Artist Lilla Tabasso (previously) traps bouquets and tufts of grass at their most precarious stages of life. From her studio in Milan, she creates delicate glass sculptures of wilting flowers and rough clusters of sod that have just breached their prime, capturing how they elegantly bow and collapse as they decay. “The focus is on the way in which they burst with life and vigor at first bloom until eventually the passage of time inevitably takes its toll,” the artist says.
Although Tabasso’s background is in biology, she doesn’t draw preliminary sketches and strays from sculpting faithful depictions, preferring instead to reinterpret a lily, peony, or hydrangea as her process unfolds. “More so than the shape or form, it is the choice of color, together with a warm and natural shade, which is a priority, (that) gives the flower its transparent melancholy, a permanent condition of every creation,” she says. Her recent works revolve around the idea of ataraxia, or equanimity, which manifests in the contrasts between the durable, resilient lifeforms and their inherent ephemerality.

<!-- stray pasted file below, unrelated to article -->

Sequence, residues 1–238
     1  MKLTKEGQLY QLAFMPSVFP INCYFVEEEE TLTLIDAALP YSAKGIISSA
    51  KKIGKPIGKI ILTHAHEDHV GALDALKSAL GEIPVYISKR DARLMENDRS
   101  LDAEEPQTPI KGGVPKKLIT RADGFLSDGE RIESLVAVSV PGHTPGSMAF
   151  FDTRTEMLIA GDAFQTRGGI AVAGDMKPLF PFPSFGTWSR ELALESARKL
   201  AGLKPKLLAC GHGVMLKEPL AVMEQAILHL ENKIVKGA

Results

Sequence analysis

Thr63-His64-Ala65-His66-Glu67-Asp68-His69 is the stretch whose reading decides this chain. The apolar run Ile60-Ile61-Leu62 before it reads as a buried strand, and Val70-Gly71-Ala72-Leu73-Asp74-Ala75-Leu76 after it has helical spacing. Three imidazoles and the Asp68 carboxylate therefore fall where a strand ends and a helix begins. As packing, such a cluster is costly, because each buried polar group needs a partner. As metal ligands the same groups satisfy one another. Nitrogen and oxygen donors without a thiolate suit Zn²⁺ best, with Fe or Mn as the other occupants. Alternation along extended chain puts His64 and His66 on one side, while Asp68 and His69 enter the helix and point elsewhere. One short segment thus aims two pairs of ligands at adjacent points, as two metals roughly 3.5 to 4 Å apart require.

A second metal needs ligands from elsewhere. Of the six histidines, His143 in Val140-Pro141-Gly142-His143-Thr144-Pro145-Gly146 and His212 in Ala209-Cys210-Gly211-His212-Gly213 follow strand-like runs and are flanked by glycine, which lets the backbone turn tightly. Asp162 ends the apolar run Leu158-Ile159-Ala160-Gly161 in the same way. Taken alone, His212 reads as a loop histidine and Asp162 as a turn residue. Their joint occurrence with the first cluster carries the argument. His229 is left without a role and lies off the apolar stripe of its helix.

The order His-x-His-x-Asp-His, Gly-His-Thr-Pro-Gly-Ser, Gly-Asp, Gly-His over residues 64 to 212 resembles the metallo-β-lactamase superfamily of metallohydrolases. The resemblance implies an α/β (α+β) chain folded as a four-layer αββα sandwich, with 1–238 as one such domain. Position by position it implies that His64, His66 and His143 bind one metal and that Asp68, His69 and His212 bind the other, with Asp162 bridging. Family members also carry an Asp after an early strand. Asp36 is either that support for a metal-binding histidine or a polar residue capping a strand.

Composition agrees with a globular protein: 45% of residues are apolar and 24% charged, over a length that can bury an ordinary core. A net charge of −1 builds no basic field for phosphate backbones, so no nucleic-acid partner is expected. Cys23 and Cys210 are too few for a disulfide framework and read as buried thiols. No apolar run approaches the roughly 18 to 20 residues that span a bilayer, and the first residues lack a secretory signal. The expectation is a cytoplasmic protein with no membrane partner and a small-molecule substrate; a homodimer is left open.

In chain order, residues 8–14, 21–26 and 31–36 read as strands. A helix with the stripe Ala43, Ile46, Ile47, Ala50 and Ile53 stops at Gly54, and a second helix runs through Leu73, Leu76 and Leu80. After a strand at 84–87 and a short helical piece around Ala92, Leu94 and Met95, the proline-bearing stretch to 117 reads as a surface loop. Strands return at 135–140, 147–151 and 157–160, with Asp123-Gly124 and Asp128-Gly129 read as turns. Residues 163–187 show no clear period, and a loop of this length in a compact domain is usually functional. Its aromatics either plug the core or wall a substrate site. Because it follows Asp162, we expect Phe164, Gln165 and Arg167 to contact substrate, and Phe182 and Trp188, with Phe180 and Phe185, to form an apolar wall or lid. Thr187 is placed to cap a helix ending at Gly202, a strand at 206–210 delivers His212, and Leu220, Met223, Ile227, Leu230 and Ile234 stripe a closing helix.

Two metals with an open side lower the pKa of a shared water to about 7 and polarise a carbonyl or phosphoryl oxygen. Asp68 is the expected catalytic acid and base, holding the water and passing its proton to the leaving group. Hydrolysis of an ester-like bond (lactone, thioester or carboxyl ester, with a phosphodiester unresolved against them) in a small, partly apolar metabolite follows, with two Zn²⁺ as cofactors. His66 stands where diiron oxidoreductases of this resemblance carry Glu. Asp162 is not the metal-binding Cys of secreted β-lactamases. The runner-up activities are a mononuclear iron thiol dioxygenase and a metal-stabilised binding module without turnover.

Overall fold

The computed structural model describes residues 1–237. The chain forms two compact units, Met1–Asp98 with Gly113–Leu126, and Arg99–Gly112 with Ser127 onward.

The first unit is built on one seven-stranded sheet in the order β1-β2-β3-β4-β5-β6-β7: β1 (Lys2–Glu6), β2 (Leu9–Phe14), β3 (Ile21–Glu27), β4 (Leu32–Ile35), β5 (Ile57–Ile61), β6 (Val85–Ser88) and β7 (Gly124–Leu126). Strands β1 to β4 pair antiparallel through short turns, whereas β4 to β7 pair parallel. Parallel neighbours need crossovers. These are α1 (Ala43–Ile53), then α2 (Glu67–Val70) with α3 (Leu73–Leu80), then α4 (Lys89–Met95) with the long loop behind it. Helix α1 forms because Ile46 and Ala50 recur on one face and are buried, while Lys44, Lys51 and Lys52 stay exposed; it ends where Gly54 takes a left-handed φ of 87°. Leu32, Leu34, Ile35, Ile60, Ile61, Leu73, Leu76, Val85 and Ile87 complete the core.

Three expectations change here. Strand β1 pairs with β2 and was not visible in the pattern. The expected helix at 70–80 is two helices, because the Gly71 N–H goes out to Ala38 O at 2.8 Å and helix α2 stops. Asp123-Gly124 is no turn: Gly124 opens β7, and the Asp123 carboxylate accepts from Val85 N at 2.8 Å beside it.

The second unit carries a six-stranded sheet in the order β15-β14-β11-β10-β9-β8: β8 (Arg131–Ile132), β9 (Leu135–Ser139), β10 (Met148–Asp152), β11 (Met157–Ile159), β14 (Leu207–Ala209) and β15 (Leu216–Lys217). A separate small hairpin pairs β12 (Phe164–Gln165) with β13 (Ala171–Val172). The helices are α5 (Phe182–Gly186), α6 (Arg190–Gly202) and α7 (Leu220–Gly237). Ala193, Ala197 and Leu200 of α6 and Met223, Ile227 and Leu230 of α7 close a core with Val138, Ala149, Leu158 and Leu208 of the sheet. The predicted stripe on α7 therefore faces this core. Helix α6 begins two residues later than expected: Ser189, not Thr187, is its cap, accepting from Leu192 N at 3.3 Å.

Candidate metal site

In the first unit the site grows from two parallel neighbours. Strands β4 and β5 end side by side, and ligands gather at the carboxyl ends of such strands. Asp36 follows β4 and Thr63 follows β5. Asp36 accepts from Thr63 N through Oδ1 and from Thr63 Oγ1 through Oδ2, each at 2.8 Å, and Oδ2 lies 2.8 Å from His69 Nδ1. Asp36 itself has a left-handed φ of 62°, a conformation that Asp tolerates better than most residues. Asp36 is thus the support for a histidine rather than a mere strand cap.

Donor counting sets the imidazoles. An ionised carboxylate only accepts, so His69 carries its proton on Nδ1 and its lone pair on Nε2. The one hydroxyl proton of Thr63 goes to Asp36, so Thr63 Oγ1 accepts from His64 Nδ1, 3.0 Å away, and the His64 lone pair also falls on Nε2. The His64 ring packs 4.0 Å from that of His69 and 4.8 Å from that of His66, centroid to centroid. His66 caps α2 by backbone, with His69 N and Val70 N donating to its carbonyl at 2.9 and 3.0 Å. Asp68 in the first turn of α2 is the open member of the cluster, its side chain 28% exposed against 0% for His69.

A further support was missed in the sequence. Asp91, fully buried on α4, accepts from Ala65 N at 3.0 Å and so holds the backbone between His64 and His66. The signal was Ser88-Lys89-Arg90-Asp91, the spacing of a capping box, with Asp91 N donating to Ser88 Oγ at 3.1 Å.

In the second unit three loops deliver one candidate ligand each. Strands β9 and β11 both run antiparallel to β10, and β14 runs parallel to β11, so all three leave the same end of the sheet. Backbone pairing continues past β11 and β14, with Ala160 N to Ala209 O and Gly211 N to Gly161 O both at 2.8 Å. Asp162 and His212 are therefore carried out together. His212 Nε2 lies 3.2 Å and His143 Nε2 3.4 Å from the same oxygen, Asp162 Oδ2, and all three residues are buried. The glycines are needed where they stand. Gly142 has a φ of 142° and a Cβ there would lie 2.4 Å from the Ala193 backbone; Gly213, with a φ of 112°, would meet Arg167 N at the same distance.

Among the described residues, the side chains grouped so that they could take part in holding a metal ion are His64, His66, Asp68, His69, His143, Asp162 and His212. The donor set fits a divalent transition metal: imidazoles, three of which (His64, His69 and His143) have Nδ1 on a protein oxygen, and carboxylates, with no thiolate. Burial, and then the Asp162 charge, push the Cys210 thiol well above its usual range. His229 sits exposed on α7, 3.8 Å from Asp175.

In November, Tabasso will open a solo exhibition at Galerie Coatalem in Paris and is preparing her work for shows at Musverre and The European Fine Art Fair in 2022. Find glimpses into her process on Instagram.